Cunningham, A., & Baker, L. (2004). What about me! Seeking to understand a child’s view of violence in the family. London, Canada: Centre for Children & Families in the Justice System.

Cunningham, A., & Baker, L. (2007). Little eyes, little ears: How violence against a mother shapes children as they grow. London, Canada: Centre for Children & Families in the Justice System.

Domestic Violence Resource Centre Victoria. (n.d.). Bursting the bubble. Retrieved 5 February 2009, from www.burstingthebubble.com/

Dunedin Women’s Refuge & Te Whare Pounamu Women’s Refuge. (1999, July). Group work for children experiencing family violence. Paper presented at the Children and Family Violence Effective Interventions Now Conference, Wellington, New Zealand. Retrieved 9 February 2009, from http://www.justice.govt.nz/pubs/reports/1999/family_conference/ author_12.html

Edleson, J. (2004). Should childhood exposure to adult domestic violence be defined as child maltreatment under the law? In P. Jaffe, L. Baker, & A. Cunningham (Eds.). Protecting children from domestic violence: Strategies for community intervention (pp. 8-29). New York: Guilford Press.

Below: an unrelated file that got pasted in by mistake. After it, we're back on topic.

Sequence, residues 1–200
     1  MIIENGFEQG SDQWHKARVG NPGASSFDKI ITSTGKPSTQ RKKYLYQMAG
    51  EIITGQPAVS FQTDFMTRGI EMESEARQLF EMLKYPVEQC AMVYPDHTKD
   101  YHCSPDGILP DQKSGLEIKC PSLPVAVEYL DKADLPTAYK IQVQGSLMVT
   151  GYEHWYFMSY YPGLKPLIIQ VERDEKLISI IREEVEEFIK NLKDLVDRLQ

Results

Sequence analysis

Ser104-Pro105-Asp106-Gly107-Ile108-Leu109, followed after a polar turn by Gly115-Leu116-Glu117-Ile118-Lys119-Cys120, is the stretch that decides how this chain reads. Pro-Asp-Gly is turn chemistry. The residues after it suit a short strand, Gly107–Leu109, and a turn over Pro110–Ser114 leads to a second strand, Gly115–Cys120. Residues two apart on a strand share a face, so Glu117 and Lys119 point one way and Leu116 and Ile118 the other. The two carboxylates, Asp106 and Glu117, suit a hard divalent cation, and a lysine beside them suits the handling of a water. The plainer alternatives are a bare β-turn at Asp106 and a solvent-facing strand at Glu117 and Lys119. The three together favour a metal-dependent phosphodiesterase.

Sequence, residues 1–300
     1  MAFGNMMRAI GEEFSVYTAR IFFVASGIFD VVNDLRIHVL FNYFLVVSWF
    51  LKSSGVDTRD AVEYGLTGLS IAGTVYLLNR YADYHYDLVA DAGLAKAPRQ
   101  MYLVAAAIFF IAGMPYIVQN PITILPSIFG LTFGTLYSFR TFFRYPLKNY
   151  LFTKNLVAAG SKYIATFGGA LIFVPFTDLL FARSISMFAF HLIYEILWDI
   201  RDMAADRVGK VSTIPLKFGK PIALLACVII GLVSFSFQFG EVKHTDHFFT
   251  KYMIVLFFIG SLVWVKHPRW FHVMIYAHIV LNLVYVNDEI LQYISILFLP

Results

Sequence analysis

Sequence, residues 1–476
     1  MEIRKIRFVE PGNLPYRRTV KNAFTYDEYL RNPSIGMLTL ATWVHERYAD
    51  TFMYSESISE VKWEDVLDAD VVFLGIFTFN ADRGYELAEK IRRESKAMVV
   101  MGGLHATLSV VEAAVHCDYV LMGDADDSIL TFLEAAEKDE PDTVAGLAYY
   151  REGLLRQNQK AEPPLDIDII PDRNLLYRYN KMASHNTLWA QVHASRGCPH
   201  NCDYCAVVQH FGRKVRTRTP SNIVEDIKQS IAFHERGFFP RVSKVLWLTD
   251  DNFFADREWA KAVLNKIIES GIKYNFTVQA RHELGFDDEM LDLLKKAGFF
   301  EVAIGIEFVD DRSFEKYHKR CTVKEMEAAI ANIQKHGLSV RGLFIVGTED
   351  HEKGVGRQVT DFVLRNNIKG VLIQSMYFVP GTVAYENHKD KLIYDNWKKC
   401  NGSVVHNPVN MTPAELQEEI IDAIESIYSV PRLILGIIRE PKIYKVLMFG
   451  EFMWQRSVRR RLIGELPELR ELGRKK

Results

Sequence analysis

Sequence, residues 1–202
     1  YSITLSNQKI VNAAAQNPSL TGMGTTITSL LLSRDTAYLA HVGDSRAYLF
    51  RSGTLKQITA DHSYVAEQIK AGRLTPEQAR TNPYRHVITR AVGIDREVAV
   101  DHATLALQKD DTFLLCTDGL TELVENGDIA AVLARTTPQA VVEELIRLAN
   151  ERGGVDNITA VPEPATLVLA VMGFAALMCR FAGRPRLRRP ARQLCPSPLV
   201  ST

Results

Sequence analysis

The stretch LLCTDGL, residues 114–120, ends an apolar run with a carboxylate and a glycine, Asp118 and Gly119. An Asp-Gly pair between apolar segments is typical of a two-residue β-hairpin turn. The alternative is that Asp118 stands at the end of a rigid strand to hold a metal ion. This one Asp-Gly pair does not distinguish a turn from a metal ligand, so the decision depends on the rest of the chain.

Ernst, A., Weiss, S., Del Castillo, C., Marvez-Valls, E., D’Angelo, J., Combs, S., et al. (2007). Witnessing intimate partner violence as a child does not increase the likelihood of becoming an adult intimate partner violence victim. Academic Emergency Medicine, 14, 411-418.

Fergusson, D. M., Boden, J. M., & Horwood, J. (2006). Examining the intergenerational transmission of violence in a New Zealand birth cohort. Child Abuse & Neglect, 30(2), 89-108.

Fergusson, D. M., & Horwood, J. (1998). Exposure to parental violence in childhood and psychosocial adjustment in young adulthood. Child Abuse & Neglect, 22, 339-357.

Fleming, T. M., Watson, P., Robinson, E., Ameratunga, S., Dixon, R., Clark, T., et al. (2007). Violence and New Zealand young people: Findings of Youth2000, a national school health and wellbeing survey. Auckland: The University of Auckland.

Fordham, B. (2001). Caught in the cross-fire: Exploring the relationship between the impact on children of witnessing domestic violence and violent youth offending. (Unpublished Masters thesis), Victoria University, Wellington, New Zealand.